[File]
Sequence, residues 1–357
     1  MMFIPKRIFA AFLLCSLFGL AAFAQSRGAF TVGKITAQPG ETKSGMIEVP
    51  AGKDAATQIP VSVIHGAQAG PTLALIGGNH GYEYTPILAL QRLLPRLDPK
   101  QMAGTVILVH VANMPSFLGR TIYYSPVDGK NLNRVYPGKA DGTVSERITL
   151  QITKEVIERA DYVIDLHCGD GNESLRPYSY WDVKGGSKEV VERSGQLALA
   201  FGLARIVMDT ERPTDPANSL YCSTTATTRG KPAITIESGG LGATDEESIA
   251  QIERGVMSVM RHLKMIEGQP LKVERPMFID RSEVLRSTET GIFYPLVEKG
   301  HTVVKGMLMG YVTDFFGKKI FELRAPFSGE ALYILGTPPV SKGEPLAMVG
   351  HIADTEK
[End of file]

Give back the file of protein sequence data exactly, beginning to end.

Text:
Sequence, residues 1–357
     1  MMFIPKRIFA AFLLCSLFGL AAFAQSRGAF TVGKITAQPG ETKSGMIEVP
    51  AGKDAATQIP VSVIHGAQAG PTLALIGGNH GYEYTPILAL QRLLPRLDPK
   101  QMAGTVILVH VANMPSFLGR TIYYSPVDGK NLNRVYPGKA DGTVSERITL
   151  QITKEVIERA DYVIDLHCGD GNESLRPYSY WDVKGGSKEV VERSGQLALA
   201  FGLARIVMDT ERPTDPANSL YCSTTATTRG KPAITIESGG LGATDEESIA
   251  QIERGVMSVM RHLKMIEGQP LKVERPMFID RSEVLRSTET GIFYPLVEKG
   301  HTVVKGMLMG YVTDFFGKKI FELRAPFSGE ALYILGTPPV SKGEPLAMVG
   351  HIADTEK